Welcome to the Historical Education Page. The point of this page is to teach and inform the residents of Providence about the history of our wonderful home.
Managed by the Historic Preservation Commission
From the beginning the community of Providence looked to the hills for the necessities of life:
Logs for Cabins, Fences, Fires, and Railroad ties; Rocks for Homes and Chapels.
Over the years, certain smells have been familiar to the people of Providence...
The Utah-Idaho Central Railroad: Northern Utah’s Interurban Experience is complete and published live on Utah State University’s online collection of digital exhibits. Please click here to view the exhibit.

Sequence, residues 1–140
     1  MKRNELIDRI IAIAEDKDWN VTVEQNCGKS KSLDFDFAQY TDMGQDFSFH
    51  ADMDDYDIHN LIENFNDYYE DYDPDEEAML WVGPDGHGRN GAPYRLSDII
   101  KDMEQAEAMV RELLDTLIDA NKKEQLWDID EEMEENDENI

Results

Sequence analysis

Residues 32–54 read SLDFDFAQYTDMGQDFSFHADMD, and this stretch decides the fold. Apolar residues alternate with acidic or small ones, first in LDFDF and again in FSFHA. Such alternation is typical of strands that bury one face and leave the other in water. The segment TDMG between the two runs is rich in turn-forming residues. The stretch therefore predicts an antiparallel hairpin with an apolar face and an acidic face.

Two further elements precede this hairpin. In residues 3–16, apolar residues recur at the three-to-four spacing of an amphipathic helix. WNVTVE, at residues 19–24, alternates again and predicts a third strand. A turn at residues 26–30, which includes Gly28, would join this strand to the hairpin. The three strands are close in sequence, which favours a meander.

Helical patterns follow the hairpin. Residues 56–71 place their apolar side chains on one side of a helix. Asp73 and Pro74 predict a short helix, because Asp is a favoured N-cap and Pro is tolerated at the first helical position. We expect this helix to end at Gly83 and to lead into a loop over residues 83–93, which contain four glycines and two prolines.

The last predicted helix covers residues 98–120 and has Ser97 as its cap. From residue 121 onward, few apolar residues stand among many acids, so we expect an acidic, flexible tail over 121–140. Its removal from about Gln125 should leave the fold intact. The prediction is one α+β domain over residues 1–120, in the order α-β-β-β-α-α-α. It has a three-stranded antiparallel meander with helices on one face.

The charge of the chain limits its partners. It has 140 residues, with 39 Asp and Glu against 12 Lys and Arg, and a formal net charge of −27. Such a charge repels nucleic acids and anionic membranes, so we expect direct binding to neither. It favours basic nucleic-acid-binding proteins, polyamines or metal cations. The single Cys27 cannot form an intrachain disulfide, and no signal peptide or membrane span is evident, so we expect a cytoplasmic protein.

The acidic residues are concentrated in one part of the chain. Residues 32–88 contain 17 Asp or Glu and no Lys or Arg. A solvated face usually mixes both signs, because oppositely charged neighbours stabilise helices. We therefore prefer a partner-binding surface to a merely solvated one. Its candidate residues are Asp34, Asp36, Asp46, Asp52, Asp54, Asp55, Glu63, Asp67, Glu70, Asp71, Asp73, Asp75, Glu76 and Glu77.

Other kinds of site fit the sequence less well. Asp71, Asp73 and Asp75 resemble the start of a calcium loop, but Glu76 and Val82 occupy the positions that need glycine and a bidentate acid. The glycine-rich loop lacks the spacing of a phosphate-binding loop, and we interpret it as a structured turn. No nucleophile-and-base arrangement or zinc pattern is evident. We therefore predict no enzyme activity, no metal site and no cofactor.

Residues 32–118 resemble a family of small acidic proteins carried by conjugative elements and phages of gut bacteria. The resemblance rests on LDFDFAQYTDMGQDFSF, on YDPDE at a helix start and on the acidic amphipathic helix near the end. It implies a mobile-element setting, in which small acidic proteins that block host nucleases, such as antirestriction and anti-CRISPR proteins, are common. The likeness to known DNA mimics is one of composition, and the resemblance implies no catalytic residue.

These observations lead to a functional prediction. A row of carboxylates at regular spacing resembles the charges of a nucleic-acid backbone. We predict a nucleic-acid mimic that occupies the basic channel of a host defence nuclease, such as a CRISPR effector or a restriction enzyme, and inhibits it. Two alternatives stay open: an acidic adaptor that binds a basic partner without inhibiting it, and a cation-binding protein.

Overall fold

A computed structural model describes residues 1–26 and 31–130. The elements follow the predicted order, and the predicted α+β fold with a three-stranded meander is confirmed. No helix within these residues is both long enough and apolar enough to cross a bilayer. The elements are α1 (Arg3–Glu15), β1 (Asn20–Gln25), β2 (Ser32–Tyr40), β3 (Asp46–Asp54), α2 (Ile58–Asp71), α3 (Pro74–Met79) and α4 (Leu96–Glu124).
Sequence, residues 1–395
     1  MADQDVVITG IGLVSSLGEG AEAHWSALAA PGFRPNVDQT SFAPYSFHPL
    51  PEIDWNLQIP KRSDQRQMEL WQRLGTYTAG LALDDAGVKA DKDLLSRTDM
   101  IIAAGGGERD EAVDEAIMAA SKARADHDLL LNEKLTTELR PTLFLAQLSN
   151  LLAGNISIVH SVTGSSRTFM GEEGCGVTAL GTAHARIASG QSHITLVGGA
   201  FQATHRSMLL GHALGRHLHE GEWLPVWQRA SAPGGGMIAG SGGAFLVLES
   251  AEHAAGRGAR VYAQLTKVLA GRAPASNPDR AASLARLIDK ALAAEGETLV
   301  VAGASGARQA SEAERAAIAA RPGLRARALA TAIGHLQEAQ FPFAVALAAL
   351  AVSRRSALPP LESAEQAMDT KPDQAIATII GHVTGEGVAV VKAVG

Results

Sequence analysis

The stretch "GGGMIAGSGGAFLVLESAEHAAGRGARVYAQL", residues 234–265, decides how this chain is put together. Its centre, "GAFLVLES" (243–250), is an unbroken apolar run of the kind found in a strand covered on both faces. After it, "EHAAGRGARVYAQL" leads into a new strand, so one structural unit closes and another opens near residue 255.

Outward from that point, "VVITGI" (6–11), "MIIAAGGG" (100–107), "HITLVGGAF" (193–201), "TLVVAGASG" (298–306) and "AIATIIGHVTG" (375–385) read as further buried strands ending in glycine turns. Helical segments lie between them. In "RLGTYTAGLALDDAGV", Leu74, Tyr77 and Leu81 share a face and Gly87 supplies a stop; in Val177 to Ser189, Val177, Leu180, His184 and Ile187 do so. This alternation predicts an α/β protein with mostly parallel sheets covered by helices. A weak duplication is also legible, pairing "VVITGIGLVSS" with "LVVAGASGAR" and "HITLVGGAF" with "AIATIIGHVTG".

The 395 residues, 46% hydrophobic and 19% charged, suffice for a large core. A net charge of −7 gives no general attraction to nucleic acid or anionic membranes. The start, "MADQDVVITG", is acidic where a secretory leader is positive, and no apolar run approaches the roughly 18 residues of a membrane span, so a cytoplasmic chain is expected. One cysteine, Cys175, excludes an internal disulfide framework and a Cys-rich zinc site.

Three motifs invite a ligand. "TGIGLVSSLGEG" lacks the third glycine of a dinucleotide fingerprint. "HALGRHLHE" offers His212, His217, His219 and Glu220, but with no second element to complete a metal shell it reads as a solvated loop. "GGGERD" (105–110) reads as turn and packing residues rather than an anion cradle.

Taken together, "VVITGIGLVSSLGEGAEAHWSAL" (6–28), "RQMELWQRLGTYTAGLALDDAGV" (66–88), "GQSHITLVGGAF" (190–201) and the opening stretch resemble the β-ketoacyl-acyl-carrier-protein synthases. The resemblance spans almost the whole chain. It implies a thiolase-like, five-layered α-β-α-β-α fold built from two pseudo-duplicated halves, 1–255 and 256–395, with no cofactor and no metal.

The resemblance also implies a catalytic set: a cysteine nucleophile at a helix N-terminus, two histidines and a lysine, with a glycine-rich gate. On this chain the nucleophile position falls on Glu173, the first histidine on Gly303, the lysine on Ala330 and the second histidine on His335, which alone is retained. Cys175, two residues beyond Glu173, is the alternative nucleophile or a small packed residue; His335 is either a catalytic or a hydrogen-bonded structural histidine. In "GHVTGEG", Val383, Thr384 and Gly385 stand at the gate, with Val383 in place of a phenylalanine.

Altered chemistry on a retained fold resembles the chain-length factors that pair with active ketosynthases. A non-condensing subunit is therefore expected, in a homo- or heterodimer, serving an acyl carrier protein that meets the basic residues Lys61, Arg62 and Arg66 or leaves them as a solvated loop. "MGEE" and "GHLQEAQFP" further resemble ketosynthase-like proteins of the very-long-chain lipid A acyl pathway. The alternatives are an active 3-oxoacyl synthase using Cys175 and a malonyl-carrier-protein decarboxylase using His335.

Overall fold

The Canals of Providence City exhibit explores the history of the canals which have carried water to Providence City, Utah, since its founding in 1859.
The Forgotten Fruitway: Folk Perspectives on Fruit Farming on the Providence Bench 1940 – 1980 by Amy C. Mxwell, Utah State University is a thesis that explores fruit production in Providence City, especially on the north and south benches.
Hear from one of Providence's many residents who called Providence home and what it was like to live here.
Eight commemorative plaques offer brief glimpses into Providence City’s past. The plaques are placed throughout the City and we've provided a brief summary and location for each.
Eighteen historic buildings are highlighted in A Stroll Through History, Walking Tour of Providence City.
The first cemetery in Providence was located at the south end of First West street, in a plot owned in 1948 by Eldon Janes family which later became the site of Cherrywood subdivision. Probably the first person to be buried here was Magdalene Theurer, who died the day of her birth, December 23,…